Yelp Reviews: A Thorn In The Side Of Black Business Owners

CultureBanx
Written by CultureBanx
Businesses in majority-Black neighborhoods receive lower Yelp ratings and fewer reviews on the popular online, crowd-sourced review forum. Image: Yelp logo
  • Highly rated businesses in majority-Black neighborhoods have slower revenue growth amounting to $1.3B in revenue loss each year
  • Businesses in majority-Black neighborhoods receive lower Yelp ratings and fewer reviews

When rating a business on Yelp (YELP +2.62 percent), do you reflect on your experience with the product, service, or something else? A new report reveals that your unconscious bias may be getting in the way of giving an honest review. Businesses in majority-Black neighborhoods receive lower Yelp ratings and fewer reviews. Now the stigma on businesses and homes in Black neighborhoods has a dollar value attached.   

Why This Matters: According to the Brookings Institution, highly rated businesses in majority-Black neighborhoods experience slower revenue growth than highly rated businesses in similar neighborhoods. It suggests a 0.2 percent gap between businesses in both neighborhoods, amounting to $1.3 billion in revenue loss each year. This gap jumps to $3.9 billion when comparing highly-rated businesses in both neighborhoods.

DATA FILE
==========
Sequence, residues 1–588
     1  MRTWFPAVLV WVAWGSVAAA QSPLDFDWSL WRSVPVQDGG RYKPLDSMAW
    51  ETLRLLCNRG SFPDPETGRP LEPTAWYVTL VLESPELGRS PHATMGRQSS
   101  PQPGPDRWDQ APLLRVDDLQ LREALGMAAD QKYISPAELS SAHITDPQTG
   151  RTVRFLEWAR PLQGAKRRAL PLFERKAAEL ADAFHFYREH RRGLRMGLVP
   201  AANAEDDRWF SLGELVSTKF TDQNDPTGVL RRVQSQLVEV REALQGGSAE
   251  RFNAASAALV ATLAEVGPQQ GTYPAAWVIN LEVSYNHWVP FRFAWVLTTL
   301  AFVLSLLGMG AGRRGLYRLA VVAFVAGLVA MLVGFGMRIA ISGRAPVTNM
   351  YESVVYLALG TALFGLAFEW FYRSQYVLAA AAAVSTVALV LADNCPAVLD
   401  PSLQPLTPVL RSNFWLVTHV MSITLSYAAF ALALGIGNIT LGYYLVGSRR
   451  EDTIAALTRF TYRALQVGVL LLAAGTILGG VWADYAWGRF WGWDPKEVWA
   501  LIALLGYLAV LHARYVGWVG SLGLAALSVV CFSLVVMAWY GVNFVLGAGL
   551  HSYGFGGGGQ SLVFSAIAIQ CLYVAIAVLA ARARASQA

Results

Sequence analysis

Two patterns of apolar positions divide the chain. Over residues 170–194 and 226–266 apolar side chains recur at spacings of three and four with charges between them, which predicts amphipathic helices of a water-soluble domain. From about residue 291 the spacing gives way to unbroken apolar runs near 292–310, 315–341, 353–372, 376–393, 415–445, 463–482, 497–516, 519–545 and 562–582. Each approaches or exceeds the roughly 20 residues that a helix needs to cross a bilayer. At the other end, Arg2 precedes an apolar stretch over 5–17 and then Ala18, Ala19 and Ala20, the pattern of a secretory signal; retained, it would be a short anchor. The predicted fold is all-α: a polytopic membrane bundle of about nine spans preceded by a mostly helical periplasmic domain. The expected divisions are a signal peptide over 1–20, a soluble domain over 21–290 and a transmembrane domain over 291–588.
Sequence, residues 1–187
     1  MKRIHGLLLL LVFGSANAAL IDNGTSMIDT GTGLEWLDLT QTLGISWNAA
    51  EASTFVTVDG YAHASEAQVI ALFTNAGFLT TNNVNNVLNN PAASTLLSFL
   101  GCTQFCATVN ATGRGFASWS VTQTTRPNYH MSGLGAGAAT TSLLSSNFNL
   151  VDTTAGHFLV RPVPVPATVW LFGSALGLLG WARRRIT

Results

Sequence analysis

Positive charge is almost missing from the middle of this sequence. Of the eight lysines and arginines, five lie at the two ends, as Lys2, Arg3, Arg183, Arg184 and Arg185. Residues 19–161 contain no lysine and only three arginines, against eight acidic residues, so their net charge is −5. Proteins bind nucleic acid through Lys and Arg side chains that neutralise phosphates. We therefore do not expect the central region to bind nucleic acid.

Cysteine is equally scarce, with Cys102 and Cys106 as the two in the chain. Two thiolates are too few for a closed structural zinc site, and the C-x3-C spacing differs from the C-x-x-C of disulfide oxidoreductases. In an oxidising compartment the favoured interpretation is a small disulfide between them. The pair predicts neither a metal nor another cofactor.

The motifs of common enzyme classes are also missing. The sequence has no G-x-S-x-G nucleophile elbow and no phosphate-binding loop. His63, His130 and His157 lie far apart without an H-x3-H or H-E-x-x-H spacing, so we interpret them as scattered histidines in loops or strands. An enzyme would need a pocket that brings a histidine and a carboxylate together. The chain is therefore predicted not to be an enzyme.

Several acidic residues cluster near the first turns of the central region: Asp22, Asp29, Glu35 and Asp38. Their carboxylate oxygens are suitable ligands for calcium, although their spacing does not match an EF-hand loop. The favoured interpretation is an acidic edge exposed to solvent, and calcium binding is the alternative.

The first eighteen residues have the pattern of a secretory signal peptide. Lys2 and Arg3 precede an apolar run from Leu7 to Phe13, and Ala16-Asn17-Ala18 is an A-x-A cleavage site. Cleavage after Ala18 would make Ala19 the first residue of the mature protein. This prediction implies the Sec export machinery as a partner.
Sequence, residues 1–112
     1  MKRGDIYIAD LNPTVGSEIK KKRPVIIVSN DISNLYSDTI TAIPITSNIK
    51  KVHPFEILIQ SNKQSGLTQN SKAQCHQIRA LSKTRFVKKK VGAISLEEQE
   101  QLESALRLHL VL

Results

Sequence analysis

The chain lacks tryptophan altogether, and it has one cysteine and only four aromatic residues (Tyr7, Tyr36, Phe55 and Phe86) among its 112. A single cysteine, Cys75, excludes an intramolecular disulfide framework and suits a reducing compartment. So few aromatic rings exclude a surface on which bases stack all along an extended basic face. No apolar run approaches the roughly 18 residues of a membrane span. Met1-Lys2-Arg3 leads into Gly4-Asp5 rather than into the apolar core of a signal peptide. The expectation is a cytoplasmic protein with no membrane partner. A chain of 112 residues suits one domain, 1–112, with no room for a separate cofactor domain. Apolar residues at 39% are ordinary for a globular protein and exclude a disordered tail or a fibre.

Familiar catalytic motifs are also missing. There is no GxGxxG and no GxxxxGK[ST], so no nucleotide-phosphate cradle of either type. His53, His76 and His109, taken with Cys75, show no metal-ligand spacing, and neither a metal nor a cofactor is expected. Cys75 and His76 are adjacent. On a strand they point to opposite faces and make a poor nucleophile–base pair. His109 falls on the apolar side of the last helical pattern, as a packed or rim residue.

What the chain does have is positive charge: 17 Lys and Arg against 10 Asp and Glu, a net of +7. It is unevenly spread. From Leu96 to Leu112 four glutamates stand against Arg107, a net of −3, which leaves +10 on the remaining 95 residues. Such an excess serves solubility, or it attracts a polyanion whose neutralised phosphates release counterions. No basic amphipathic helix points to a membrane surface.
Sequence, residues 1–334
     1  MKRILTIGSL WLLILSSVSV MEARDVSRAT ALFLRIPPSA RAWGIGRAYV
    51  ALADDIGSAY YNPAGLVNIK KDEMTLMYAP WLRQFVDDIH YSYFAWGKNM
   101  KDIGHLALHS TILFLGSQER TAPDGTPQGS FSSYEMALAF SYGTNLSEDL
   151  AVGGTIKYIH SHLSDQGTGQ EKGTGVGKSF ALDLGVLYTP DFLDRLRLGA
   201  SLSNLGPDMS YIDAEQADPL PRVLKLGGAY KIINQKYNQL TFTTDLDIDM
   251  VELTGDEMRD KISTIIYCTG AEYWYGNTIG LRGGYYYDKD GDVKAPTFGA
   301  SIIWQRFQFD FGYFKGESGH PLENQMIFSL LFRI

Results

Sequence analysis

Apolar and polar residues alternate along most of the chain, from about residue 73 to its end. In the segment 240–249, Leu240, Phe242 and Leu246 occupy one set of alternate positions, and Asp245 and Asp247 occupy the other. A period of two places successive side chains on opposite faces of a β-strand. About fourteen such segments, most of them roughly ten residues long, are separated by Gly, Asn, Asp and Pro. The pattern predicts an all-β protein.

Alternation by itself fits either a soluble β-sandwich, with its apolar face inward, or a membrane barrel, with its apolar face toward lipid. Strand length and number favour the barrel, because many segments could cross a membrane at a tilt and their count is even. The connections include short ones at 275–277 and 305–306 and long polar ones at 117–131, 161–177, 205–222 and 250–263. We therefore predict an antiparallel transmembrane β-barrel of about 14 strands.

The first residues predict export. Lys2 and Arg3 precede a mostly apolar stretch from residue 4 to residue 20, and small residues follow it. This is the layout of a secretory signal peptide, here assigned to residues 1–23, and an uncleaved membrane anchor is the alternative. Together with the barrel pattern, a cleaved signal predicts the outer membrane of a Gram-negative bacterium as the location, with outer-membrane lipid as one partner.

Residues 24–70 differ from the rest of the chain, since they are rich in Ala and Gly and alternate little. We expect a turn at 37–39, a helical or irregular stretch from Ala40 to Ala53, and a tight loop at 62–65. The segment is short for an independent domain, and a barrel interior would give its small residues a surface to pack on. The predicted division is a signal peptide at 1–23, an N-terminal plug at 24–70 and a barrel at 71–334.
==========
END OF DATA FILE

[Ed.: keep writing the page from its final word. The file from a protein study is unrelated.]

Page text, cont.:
Businesses in majority-Black neighborhoods experience a 0.2 percent revenue gap.

The consequence is that poorly-rated establishments grow slowly. More reviews mean faster growth and businesses with at least 50 reviews grew 9.8 percent over the same period. Additionally, four to five-star reviews on Yelp resulted in an average growth rate of 8.8 percent from 2016-2019.

Likewise, homes in majority-Black neighborhoods are devalued. According to Next City, they’re worth $48,000 less than homes in similar neighborhoods. There are 3.2 million owner-occupied homes worth an estimated $609 billion, but worth $156 billion more if not for their devaluation.

Former banker Erica King said, “There was no stigma on shopping in a Black neighborhood. Somehow that changed.” She cited the lack of access to capital for cosmetic improvements and adequate staffing; lack of access to home and commercial loans and the misconception that those businesses are less capable of performing, as reasons behind the change. 

Situational Awareness: A distorted bias view of majority-Black neighborhoods devalues businesses and homes while increasing the wealth gap. We started from the bottom and unfortunately, we’re still here. The next time you patronize a business in a majority Black neighborhood, consider leaving an honest Yelp review worthy of their value, blood, sweat, and tears. A thorn in the side of Black business owners when it comes to Yelp reviews is a burden they don’t need to carry.

This article was written by Earlene Greene and published by CultureBanx. It is reposted here with permission. Read the original.